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Past Missions - Shuttle Imaging Radar

Astronauts with Shuttle Radar Topography Mission hardware

Launch: November 12, 1981; October 5, 1984; April 9, 1994; September 30, 1994; February 11, 2000
Purpose: Earth imaging using radar pulses


JPL's Seasat satellite in 1978 established that images could be taken of Earth from orbit using radar pulses rather than optical light as the illumination. Imaging radar has various advantages over images that use visible light; it can "see" through desert sands, for example, to detect the remnants of ancient riverbeds. A series of imaging radar missions were therefore flown on NASA's Space Shuttle over the next 20 years.

The first mission, called Shuttle Imaging Radar-A, was carried into space on STS-2, only the second mission flown by the then-new shuttle. This mission launched from Kennedy Space Center, Florida, on November 12, 1981, and landed two days later.

Three years later, a follow-up mission called Shuttle Imaging Radar-B was flown on shuttle mission STS-41G, which launched October 5, 1984, and landed seven days later.

After that project, a decade went by before imaging radar flew on the shuttle again. For the next mission, JPL's Spaceborne Imaging Radar-C was combined with a German-Italian in student called X-Band Synthetic Aperture Radar which used a higher-frequency radar than the American instrument. This package flew twice on the space shuttle, once on STS-59 from April 9 to 20, 1994, and the second time on STS-68 from September 30 to October 11, 1994.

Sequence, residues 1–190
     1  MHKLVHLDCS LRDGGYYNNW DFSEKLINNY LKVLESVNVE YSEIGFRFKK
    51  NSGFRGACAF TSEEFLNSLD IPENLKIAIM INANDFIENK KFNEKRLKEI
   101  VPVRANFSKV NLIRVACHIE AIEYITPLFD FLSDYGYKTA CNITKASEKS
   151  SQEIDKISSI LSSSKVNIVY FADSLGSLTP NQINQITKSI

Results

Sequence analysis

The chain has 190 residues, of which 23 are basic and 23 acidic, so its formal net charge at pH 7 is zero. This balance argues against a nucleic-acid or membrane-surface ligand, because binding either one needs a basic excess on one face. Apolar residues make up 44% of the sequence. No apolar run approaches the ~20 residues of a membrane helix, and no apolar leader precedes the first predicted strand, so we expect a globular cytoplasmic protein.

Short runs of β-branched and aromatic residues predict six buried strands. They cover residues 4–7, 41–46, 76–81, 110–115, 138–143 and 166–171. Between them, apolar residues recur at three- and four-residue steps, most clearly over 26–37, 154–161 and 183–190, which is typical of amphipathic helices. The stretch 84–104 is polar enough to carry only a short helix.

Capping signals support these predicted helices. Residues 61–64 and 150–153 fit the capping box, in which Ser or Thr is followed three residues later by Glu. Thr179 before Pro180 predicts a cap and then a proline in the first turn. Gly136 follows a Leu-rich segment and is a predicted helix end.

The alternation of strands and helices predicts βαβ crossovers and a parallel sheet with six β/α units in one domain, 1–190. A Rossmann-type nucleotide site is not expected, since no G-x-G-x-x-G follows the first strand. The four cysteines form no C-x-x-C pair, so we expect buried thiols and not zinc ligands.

The instrument's mammoth radar antenna was then augmented with a second antenna that would allow it to map the height of features on Earth using a technique somewhat similar to stereo photography. Sponsored by the Defense Department's National Image Mapping Agency, this package flew under the name Shuttle Radar Topography Mission on STS-99 from February 11 to 22, 2000.

The Shuttle Imaging Radar instruments were designed and built by JPL, where the antennas were the largest space structures ever built at the Laboratory.

For more information, see the Shuttle Radar Topography Mission home page or the Spaceborne Imaging Radar/X-band Synthetic Aperture Radar home page.

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